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How a Ryan Gosling meme helped its creator cope with cancer

How a Ryan Gosling meme helped its creator cope with cancer


People followed Ryan McHenry for his funny Vines, but now they're getting something more personal

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ryan mchenry
ryan mchenry

Ryan McHenry.

Two weeks ago, Ryan McHenry had a cancerous tumor removed from his right leg. The doctors told him there was a 50 percent chance they’d have to amputate the entire limb — but they wouldn’t know until the operation started.

"Waking up was terrifying," McHenry tells The Verge. "I didn’t know if I was going to have a leg or not. I couldn’t feel anything from the waist down. In a daze, I had to ask the nurse if I still had my leg."

Luckily, he did. And that’s the only part of the nightmare his social media followers heard about. "Leaving the hospital today with BOTH my legs still attached to my body," he wrote on Twitter, with a photo of his lower half, a cast on one leg, a bowler hat on his knee.

McHenry tries to keep things cheery for his fans, in part because he’s a little bit internet famous. He’s the creator of "Ryan Gosling won’t eat his cereal," a series of six second videos made using the app Vine that went viral in May.

"Waking up was terrifying."

McHenry, a filmmaker who lives in Glasgow, created the series after he watched Drive while eating cereal and noticed Gosling’s character at just the right angle. The gimmick is easy: hold a spoon of cereal in front of a shot from a Gosling movie and slowly advance it toward the actor, who appears to reject it.

The series got passed around and sometime around the eighth installment, it blew up. McHenry was up all night reading tweets and answering emails from Entertainment Online and The Huffington Post. He went from having eight followers on Vine to more than 200,000 and was invited to join a secret Facebook group of popular Vine artists.

Around the same time, he’d noticed a painful lump in his leg. He finally went to a doctor, who told him it was fine, returned and was told it was fine, and then got a call telling him it wasn’t fine: he has osteosarcoma, which has spread from his leg to his lungs.

He’s 25.

He announced the bad news to his friends, along with his newly acquired fans, on Twitter and Facebook — with an upbeat spin.

"A lot of my positivity has come down to knowing that I’ve got a small audience out there," he says. "I kind of feel like I need to be positive for them. If I was on my Twitter or on my Vine being really negative, like ‘this is the worst thing ever, this is horrible,’ it just wouldn’t be nice for people to hear."

Since then, McHenry has posted updates from his hospital bed, "cancer selfies," and a Vine of himself shaving his head to prepare for hair loss from chemotherapy.

Talking about cancer has been shown to have a positive effect on patient health, and increasingly, that conversation is happening on Twitter, Facebook, YouTube, and smaller social networks.

One linguistic analysis of cancer stories on YouTube showed "a sense of dramatic tension" and "high emotional engagement," almost as if the patient’s life were a particularly artful HBO show. Patients who told their stories on YouTube also tended to see their experience as a coherent story, in which they usually go from feeling helpless to taking control. They also tended to be more optimistic when compared with other cancer survivors.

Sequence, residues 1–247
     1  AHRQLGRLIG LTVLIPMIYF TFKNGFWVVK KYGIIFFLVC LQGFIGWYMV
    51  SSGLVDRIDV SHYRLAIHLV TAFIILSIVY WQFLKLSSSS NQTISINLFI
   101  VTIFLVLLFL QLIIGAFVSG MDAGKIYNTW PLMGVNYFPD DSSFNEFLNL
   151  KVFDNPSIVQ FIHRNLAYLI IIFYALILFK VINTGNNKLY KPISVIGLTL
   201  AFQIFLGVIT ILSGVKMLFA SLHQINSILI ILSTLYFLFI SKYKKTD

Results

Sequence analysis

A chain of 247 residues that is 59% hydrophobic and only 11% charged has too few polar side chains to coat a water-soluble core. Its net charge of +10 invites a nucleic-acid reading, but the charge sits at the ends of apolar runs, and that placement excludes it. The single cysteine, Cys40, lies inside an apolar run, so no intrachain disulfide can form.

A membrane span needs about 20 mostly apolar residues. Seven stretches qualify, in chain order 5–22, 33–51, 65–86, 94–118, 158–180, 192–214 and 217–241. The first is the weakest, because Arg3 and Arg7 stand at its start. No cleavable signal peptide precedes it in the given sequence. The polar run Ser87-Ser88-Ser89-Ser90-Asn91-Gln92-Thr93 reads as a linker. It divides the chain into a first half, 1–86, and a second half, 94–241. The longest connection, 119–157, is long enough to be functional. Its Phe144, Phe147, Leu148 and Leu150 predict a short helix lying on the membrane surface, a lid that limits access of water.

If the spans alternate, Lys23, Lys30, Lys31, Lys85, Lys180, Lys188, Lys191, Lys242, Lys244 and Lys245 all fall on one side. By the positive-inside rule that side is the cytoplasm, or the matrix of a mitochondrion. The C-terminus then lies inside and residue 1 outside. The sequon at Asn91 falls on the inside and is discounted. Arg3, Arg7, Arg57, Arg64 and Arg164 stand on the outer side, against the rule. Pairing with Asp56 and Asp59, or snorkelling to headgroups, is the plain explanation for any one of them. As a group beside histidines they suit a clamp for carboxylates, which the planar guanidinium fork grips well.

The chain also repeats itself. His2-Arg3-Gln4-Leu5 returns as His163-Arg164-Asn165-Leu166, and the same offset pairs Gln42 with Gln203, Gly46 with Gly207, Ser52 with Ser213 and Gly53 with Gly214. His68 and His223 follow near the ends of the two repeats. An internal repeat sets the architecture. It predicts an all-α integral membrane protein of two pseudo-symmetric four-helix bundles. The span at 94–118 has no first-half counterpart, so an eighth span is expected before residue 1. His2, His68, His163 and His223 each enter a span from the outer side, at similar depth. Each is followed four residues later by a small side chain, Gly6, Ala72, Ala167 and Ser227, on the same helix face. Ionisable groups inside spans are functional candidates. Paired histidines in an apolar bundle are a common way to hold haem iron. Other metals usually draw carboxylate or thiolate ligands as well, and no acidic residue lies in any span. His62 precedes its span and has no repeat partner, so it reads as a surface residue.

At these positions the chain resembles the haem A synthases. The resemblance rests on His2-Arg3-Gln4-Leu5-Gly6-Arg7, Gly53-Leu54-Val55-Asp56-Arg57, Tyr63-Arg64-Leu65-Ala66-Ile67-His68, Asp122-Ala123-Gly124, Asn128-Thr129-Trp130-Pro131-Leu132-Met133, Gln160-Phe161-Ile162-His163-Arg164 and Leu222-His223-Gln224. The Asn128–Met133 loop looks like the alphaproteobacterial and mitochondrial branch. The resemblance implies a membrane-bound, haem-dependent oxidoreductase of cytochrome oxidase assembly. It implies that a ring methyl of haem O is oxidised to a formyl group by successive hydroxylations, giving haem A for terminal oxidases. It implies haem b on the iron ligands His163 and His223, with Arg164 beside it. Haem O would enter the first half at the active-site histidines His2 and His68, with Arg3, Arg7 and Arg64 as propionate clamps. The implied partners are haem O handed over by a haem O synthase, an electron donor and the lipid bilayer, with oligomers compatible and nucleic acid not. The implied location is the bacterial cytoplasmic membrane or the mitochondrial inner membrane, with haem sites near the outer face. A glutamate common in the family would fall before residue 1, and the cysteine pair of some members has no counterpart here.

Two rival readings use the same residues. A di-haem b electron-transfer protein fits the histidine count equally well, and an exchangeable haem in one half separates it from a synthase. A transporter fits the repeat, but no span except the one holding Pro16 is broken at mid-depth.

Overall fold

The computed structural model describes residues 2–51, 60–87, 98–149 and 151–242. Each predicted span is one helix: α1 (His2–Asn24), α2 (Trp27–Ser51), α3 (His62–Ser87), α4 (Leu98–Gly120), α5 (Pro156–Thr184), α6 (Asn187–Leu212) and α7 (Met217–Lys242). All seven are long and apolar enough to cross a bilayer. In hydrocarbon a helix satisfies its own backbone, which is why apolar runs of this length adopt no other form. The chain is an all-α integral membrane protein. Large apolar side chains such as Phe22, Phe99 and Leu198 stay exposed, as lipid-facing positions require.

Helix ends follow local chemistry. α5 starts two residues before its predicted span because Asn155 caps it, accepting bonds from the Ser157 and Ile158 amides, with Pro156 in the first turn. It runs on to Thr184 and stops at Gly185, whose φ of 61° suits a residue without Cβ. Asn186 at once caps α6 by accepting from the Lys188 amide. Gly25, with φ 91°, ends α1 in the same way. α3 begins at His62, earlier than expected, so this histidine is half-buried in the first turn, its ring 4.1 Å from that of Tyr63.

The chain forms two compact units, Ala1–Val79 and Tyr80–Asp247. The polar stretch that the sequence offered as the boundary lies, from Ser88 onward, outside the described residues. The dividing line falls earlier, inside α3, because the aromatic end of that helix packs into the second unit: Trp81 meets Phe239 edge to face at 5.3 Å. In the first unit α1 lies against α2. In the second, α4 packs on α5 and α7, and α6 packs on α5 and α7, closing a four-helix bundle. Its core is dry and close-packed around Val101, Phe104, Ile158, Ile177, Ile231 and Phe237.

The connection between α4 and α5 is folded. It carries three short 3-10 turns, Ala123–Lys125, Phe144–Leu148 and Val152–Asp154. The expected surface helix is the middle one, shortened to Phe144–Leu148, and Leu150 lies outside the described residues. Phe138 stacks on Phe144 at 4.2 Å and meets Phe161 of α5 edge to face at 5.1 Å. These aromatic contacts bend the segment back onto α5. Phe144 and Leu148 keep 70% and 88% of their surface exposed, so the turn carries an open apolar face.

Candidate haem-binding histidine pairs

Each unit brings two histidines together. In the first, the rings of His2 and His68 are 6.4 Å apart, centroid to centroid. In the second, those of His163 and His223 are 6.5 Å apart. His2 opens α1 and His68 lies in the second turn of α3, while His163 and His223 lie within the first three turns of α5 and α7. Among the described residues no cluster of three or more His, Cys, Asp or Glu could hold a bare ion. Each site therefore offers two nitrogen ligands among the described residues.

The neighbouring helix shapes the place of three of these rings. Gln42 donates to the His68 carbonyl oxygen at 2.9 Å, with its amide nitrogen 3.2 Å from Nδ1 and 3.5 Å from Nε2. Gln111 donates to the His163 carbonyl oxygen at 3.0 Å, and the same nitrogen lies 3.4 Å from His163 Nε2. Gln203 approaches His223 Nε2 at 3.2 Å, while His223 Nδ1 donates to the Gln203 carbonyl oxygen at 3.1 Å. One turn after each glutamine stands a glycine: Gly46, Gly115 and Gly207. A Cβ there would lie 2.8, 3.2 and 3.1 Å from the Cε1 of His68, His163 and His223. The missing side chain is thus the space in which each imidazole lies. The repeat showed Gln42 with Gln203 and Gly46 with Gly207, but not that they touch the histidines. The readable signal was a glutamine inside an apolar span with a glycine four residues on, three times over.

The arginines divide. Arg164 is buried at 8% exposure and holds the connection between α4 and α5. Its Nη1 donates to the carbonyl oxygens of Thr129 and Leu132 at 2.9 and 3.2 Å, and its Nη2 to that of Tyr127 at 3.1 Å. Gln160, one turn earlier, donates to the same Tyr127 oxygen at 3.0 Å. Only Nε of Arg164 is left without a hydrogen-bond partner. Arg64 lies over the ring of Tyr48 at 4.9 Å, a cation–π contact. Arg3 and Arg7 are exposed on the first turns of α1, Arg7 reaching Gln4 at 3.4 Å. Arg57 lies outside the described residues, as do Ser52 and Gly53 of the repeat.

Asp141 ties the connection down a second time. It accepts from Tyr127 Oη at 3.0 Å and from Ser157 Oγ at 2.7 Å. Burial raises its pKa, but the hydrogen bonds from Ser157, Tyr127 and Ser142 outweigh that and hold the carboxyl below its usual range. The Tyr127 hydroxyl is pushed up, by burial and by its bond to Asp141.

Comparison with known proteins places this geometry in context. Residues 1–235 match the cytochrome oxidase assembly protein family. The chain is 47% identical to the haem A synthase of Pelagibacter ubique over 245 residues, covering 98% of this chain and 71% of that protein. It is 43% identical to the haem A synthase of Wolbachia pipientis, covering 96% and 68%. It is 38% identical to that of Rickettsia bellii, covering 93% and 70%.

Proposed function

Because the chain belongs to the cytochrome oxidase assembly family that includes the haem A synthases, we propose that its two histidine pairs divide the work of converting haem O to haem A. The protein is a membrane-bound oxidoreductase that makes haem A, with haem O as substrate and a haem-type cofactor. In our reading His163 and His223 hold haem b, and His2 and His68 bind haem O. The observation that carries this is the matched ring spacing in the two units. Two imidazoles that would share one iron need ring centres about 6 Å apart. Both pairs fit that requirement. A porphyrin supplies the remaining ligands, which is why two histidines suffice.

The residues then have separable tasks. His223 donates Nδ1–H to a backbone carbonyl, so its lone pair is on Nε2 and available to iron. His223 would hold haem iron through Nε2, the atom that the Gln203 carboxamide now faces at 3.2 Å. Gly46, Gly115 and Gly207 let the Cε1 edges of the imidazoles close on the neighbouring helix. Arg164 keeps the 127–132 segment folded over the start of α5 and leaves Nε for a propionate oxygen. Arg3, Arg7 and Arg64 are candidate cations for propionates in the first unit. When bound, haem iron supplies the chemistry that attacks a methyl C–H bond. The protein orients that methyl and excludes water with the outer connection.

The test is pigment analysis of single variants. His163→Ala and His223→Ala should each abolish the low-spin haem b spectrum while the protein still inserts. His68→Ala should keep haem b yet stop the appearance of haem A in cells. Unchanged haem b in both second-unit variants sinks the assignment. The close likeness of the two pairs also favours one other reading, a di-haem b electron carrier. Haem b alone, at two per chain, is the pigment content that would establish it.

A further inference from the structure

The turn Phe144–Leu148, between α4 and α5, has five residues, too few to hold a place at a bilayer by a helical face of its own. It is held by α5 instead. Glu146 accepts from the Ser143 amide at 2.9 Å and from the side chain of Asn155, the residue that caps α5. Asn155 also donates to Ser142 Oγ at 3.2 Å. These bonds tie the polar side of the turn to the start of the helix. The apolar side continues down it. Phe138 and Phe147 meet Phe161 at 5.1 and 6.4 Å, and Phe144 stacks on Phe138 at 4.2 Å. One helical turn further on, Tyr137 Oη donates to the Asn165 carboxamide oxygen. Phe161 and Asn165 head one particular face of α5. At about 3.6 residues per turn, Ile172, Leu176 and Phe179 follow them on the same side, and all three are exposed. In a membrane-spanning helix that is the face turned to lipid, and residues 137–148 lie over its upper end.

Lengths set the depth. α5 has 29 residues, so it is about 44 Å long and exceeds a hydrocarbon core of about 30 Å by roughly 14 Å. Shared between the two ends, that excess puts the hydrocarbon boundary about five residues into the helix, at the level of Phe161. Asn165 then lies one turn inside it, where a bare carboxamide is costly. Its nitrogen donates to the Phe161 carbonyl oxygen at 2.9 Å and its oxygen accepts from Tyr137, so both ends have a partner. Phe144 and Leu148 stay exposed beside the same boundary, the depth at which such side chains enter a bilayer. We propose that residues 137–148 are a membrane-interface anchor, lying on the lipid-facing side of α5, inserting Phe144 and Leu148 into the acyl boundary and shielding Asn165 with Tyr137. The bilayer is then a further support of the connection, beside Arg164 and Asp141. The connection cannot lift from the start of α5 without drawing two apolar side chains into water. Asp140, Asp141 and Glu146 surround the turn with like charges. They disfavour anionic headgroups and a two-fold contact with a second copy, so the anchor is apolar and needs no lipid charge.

Journalist Xeni Jardin is perhaps the best-known cancer tweeter. After two friends were diagnosed with breast cancer, Jardin decided to get tested and live-tweet the results. "I decided the experience of getting a mammogram would be less scary if I tweeted about it, mocked it, or turned it into a game," she wrote.

She got an unpleasant surprise when her results came back positive for cancer, but she decided to continue chronicling the experience on Twitter, Instagram, and Boing Boing, the blog where she is an editor.

Jardin says the internet helped save her life, although in retrospect she believes introspection and silence might have been more constructive at times. If she had to do it again, she probably would not have live-tweeted her first mammogram.

"I realize now that just as there is value in connecting, there can also be value in disconnecting and just dealing with what’s going on inside our bodies and inside our minds," she told The Guardian.

McHenry has good days and bad days, and on bad days he doesn’t post much — until his fans start getting worried. After one three-week stretch of silence, his Vine followers started to wonder if he’d died. "I think he’s gone," one commenter wrote. McHenry scrambled to reassure them. "I made sure that I went and did another Gosling video," he says.

The concern of strangers has been comforting. A group of Vine artists started a crowdfunding campaign, "Ryan McHenry won’t eat his cancer," while he was undergoing chemotherapy. He emerged from treatment to find more than $10,000 had been raised to ease his transition back into daily life, and more than 300 Vines hashtagged #weloveryan.

More than 300 Vines were hashtagged #weloveryan

"It was incredible. I was just sitting in my hospital bed just watching all this unfold," he says. "The other really bizarre thing is, I’ve never really shown my face or become a character in front of the camera. All I’ve done is put a spoon towards a television."

McHenry has another 20 weeks of chemotherapy and a lung operation before he will be cancer-free. He just posted part 20 of the Gosling series, which he feels he can’t end yet. "As a filmmaker, I like to have a conclusion to things," he says. "The only conclusion I can see out of this whole thing is to have Ryan Gosling respond to this. Even if it’s just him eating cereal."